Top 5 Music Videos of the Week: OBB, Jay Pray + more
5. Lauren Hoffman and the Secret Storm — “Broken”
I’m putting a trigger warning on this one for intimate partner violence, so please watch at your own discretion. It’s hard for me to say whether I really liked “Broken,” directed by Aaron Farrington and Abel Okugawa. It’s more how like after I watched Requiem for a Dream. I was glad I saw it, and never had any desire to see it ever again. “Broken” is an allegory for a destructive relationship told through the themes of MMA fighting, and parts of it are very hard to watch. It does manage significant, if damaged, beauty, though, and Hoffman is quite gifted as an actress throughout the run time. Brutal is the best compliment and harshest criticism I can come up with.
4. Stolen Jars — “Eliot”
Here’s something much lighter and playful. “Eliot,” animated by Evelyn Jane Ross, is a simple but elegant cartoon experience of shifting, chalk-like images that pair perfectly with the idyllic music of Stolen Jars. It’s not an overly-deep video, but it does offer a soft comfort for the eyes and ears. More things should be this genuinely good.
3. Jay Pray — “I’d Go Anywhere (Do Anything)”
This is a great example of how in deft hands a minimalist narrative can be woven into something compelling, and directors Evan Chapman and Kevin Eikenberg have those hands. The video is a Jay Pray’s lament that a girl he loves maybe doesn’t love him back as much, and most of the video is taken up with him staring forlornly at her while she is oblivious. Sounds boring, but the clash of light and sound, the expert use of editing and framing in the shots, all of it makes “I’d Do Anything” positively addictive.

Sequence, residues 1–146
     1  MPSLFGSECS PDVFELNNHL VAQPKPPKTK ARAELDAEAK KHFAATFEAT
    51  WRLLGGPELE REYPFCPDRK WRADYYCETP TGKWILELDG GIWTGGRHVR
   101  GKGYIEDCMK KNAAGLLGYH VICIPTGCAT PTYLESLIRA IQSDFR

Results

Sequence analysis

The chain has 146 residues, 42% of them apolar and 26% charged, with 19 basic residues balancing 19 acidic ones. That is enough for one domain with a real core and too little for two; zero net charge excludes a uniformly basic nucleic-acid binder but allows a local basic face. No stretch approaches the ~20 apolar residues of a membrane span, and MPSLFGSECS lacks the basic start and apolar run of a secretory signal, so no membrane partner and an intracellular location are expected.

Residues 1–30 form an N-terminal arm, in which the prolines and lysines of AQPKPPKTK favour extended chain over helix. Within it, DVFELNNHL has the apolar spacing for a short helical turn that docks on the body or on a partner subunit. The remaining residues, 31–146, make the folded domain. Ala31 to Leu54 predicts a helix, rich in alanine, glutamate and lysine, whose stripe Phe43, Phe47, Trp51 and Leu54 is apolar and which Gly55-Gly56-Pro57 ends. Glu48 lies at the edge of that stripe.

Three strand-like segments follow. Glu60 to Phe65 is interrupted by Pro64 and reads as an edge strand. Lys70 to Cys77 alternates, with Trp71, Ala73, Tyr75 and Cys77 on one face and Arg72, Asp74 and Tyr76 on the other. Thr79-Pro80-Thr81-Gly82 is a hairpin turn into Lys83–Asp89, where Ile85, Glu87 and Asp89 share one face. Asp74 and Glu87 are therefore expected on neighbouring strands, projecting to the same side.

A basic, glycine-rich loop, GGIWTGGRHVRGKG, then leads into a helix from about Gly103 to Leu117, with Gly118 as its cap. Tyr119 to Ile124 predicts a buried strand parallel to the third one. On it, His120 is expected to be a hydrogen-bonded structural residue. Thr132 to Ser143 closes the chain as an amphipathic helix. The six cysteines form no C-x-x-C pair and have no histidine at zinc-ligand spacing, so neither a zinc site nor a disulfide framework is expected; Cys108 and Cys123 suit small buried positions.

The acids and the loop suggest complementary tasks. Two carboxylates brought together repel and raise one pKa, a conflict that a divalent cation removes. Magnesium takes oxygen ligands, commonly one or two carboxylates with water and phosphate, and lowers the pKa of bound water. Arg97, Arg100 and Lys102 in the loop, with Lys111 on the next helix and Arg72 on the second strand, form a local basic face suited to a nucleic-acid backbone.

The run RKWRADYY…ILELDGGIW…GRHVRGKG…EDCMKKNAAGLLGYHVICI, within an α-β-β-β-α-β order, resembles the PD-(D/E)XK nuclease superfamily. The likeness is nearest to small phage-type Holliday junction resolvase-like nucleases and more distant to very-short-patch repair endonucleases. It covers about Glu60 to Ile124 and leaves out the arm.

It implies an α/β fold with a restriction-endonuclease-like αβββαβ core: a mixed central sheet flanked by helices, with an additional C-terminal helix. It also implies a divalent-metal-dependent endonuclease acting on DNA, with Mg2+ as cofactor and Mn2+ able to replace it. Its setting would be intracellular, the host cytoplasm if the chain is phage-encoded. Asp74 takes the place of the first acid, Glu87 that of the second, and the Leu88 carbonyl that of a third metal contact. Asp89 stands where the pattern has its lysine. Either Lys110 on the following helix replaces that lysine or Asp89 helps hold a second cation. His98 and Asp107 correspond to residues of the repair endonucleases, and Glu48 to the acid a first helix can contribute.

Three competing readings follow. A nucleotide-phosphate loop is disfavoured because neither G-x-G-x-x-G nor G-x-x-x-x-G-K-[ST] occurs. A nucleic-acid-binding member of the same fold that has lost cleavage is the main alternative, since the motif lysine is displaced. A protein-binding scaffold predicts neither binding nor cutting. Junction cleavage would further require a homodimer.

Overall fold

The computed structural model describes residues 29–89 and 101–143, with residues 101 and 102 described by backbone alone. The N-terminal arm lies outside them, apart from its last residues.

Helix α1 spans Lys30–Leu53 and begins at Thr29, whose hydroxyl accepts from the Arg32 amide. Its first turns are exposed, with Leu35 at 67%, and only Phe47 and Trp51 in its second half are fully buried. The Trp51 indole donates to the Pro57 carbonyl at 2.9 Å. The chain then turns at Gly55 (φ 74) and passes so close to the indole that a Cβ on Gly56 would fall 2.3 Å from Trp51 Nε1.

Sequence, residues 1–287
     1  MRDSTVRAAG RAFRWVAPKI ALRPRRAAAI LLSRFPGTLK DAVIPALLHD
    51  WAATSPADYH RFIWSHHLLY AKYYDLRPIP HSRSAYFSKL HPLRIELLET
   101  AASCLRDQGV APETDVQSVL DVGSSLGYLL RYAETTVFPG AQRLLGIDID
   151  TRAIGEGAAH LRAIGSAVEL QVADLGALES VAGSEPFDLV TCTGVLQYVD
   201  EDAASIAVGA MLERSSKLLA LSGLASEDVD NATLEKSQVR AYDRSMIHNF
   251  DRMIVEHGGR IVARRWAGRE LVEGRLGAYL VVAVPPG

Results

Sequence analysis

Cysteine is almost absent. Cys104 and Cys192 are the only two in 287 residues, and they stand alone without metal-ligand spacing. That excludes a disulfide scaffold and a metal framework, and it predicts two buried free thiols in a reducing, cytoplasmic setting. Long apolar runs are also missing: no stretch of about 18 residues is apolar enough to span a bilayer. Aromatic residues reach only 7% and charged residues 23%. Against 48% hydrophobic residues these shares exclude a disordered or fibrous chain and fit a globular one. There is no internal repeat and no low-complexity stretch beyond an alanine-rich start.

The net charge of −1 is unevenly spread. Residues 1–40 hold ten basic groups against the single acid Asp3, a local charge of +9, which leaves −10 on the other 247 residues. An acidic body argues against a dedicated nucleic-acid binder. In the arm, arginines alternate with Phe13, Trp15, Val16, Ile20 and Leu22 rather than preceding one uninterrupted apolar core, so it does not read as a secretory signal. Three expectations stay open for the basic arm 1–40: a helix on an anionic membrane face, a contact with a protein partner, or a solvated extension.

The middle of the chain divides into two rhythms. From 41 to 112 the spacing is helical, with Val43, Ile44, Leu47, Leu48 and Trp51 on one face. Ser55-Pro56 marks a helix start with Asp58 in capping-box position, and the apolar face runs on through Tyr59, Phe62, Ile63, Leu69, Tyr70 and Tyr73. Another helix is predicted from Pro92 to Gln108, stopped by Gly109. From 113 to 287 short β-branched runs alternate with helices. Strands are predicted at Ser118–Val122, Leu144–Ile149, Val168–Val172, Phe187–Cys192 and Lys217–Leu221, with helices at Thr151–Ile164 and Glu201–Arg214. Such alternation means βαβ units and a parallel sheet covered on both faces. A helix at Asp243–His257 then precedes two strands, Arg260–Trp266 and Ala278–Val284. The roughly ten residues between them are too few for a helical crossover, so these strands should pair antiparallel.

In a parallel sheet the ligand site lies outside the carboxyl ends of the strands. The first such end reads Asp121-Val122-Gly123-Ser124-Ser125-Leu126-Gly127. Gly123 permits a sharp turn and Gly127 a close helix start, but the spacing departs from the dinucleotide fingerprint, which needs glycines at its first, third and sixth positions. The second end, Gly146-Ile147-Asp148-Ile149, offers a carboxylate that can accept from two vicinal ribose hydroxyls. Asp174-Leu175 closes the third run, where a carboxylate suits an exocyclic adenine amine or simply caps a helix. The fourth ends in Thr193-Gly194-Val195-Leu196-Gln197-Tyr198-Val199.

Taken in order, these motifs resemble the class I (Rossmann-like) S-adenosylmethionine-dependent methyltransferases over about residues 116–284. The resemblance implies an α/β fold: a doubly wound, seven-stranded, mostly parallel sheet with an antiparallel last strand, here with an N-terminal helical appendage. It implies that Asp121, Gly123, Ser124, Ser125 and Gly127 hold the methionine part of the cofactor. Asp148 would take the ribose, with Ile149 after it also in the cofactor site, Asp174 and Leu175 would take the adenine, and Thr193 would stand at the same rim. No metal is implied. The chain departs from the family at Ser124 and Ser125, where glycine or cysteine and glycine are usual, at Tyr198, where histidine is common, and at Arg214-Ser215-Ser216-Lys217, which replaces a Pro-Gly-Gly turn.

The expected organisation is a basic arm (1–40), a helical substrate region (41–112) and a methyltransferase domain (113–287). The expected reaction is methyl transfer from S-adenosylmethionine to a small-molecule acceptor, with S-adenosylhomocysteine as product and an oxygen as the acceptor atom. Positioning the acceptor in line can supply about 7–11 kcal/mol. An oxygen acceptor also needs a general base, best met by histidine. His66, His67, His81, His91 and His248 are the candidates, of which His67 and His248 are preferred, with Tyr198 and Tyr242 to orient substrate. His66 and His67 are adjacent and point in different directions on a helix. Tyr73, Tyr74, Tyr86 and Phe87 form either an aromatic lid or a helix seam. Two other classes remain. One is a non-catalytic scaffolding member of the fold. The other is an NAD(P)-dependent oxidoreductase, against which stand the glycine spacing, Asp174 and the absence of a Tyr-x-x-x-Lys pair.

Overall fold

2. OBB — “Sweater”
Not going to lie, I almost quit watching this video 30 seconds in because I thought to myself, “do I really need two dopey white guy love stories in a single week?” I’m so glad I didn’t. Videos like “Sweater” are the reason I do this column, and a big part of why I love music videos as an art form. First, I am simply in awe that anyone managed to craft an expert-level level interpretative dance routine centered around sharing an old grey sweater, and even though the concept and song itself are cheeseball as all get out, the dancers and the band play it with such sincerity that I couldn’t help but smile. Second, when one couple puts the sweater in a washing machine and an adorable little girl pops up out of it wearing it, I just lost it. I clapped at my screen and made corny dad noises. It was just perfect. The world is a better place because this exists.
1. Keys — “Worth It”
I hate to end y’all on a down note, but you have no idea how rare it is for me to find good rap videos these days. Too many artists phone it in rapping in front of a place they like and never bothering to pull an on-screen narrative together. “Worth It,” directed by Kirx, can certainly not be accused of that. It’s a gripping little tale of drug crime drama that is hopelessly tragic, but also majestic in a way. A young couple is caught up in the game, but it’s a lack of trust that ultimately lays one of them low. This is one of the music videos that makes me wish the idea would be expanded into a full-length musical film. Where is the rap version of Hard Day’s Night? That’s what I want to know.
by Jef Rouner